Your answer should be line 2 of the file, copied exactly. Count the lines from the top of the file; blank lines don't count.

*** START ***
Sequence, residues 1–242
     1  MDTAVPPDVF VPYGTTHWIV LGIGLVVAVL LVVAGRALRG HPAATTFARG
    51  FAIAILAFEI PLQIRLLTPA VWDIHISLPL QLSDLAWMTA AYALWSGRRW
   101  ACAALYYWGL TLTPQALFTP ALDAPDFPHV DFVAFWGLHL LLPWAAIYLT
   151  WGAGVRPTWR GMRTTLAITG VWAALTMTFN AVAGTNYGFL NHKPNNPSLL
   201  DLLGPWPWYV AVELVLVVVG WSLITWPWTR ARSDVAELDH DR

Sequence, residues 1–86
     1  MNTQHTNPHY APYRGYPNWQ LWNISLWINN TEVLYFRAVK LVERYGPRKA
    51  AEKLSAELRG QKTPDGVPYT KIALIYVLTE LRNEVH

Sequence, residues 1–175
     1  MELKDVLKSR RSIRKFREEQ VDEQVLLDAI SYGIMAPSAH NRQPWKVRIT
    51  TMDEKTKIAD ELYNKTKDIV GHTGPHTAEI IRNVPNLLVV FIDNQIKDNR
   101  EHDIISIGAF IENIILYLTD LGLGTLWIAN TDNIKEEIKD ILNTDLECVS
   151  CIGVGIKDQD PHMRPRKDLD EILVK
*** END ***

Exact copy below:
     1  MDTAVPPDVF VPYGTTHWIV LGIGLVVAVL LVVAGRALRG HPAATTFARG